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He seeks to push Mr. Trump away from the sidelines, and to move to urgent work of forming a new government and dealing with the crises he will face.

Mr. Biden left no doubt that the coronavirus pandemic would be a priority for his administration in some way It wasn’t under Mr. Trump.

Mr. Biden announced that on Monday, he will appoint top science and health experts to a committee to draft a plan to combat the pandemic, which he said will be ready for implementation when he and Mrs. Harris take office in January. Mr. Biden told the nation that controlling the Coronavirus is crucial to a return to normal life and economic prosperity.

“We cannot fix the economy, or regain our vitality, or enjoy life’s most precious moments – the hugging of a grandchild, birthdays, weddings, graduations, all the moments that matter most – until we get this virus under control,” he said.

Mr. Trump took a completely different approach. He urged Americans throughout his election campaign not to fear the virus, stressing that his political opponents had exaggerated the danger. Challenge the advice of health officials regarding Precautions like wearing a maskEven after he was diagnosed with the virus.

Mr. Biden’s victory comes as the nation is Establish daily records of new infections And health authorities have He warned of a bleak winter. Masks were everywhere at his celebration.

Mr Trump set the tone for his presidency upon his inauguration with a dark speech in which he did not particularly communicate with his base of supporters. The strategy raised him to a slim win in 2016 – in the Electoral College; He lost the popular vote – and has sought to repeat it in his losing campaign this year.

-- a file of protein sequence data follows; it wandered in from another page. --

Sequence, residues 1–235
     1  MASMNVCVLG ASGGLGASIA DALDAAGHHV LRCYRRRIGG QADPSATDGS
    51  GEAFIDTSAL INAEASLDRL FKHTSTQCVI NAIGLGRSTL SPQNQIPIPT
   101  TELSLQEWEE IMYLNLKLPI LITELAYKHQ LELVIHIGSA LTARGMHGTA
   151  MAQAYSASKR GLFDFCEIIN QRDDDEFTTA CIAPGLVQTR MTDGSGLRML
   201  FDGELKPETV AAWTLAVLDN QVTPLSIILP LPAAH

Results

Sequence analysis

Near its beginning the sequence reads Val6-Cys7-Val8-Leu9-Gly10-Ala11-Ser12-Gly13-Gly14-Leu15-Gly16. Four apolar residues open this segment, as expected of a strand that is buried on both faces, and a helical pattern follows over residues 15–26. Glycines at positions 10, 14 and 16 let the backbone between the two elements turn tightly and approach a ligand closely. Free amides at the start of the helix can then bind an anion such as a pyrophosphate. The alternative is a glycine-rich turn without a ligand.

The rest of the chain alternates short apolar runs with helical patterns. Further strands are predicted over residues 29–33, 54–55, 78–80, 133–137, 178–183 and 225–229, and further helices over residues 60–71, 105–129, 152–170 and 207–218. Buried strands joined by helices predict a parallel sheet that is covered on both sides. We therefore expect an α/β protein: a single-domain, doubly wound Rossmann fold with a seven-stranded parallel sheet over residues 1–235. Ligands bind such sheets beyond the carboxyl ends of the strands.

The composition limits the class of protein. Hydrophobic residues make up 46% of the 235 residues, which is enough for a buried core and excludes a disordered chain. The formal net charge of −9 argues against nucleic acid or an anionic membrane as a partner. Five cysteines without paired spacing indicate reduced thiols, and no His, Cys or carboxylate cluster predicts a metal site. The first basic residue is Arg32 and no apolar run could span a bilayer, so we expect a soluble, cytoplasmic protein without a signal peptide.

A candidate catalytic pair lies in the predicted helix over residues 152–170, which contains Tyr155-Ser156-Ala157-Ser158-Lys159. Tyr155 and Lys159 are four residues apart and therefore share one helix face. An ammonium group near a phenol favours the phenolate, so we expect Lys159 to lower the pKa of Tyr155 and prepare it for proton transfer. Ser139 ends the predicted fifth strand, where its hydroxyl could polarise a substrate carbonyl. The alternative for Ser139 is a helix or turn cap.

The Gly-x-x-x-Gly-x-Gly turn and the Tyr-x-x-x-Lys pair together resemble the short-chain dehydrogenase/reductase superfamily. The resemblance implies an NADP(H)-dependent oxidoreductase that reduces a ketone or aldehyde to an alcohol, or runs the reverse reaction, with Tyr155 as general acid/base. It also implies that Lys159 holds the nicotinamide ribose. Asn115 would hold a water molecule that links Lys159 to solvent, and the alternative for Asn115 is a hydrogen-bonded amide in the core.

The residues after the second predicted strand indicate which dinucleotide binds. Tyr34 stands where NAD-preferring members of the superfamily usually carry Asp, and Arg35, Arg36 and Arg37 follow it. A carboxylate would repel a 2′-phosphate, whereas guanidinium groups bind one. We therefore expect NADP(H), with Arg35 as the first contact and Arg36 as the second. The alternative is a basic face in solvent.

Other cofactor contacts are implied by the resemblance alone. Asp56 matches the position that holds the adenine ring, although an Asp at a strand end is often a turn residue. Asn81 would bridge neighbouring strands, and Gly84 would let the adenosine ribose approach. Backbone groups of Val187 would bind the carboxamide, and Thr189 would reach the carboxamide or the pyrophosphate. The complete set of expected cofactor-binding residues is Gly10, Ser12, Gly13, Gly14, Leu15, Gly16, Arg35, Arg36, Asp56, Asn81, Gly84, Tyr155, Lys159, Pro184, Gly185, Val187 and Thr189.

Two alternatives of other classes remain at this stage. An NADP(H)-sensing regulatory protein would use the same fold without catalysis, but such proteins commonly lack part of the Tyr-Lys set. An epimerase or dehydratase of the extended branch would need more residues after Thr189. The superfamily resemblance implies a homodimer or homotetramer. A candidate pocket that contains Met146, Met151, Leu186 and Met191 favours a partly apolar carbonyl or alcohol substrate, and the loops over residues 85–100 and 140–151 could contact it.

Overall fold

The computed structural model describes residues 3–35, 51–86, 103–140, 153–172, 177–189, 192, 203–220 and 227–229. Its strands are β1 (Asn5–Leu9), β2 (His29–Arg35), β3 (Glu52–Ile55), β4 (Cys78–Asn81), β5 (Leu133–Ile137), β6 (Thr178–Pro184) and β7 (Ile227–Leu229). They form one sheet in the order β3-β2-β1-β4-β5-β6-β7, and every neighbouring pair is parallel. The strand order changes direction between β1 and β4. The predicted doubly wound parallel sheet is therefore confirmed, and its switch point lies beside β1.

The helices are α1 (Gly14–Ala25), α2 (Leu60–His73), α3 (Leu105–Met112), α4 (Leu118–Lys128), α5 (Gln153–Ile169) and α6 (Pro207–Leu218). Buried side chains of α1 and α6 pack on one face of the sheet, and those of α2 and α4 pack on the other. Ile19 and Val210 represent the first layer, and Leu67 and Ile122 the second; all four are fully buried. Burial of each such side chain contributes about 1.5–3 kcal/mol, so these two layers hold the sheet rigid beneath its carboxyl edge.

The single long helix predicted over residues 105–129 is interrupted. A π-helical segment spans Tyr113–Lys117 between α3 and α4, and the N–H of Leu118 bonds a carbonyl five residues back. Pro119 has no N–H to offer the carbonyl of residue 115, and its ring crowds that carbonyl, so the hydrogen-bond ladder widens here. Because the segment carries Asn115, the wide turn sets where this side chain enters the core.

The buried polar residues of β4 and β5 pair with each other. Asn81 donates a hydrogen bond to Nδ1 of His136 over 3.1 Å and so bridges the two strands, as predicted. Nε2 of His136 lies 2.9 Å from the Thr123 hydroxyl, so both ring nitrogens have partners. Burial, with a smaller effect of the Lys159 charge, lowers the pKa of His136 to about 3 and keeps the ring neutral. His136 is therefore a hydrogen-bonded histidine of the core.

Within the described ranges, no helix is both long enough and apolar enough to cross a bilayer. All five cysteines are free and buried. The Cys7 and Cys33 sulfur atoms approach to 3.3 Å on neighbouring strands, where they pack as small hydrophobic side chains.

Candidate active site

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Mr. Biden moved hard in the other direction.

“I pledge to be a president who does not seek partition, but unification – whoever sees not the red and blue states, but the United States,” he said on Saturday. “Who will work with all my heart to win the confidence of the whole people?”

To some extent, this reflects what Mr. Biden said during the campaign, but the approach will take on an urgent new character when he becomes president. Waiting for a result Flux twice in GeorgiaRepublicans control the Senate, and he will need to reach out to senators from the red states if he wants to enact an agenda.

There were some impressive fireworks during this campaign – the ones over the Washington skyline the night Mr. Trump accepted the Republican nomination from the White House backyard come to mind.

That, though, laid a bar that could be difficult to match: fireworks and drones showing Mr. Biden’s name, Mrs. Harris’s name, and a map of the United States. Surrounded by their families, Mr. Biden and Mrs. Harris stood on stage gazing into the Delaware sky, lit again and again the night Mr. Biden had been waiting for most of his life.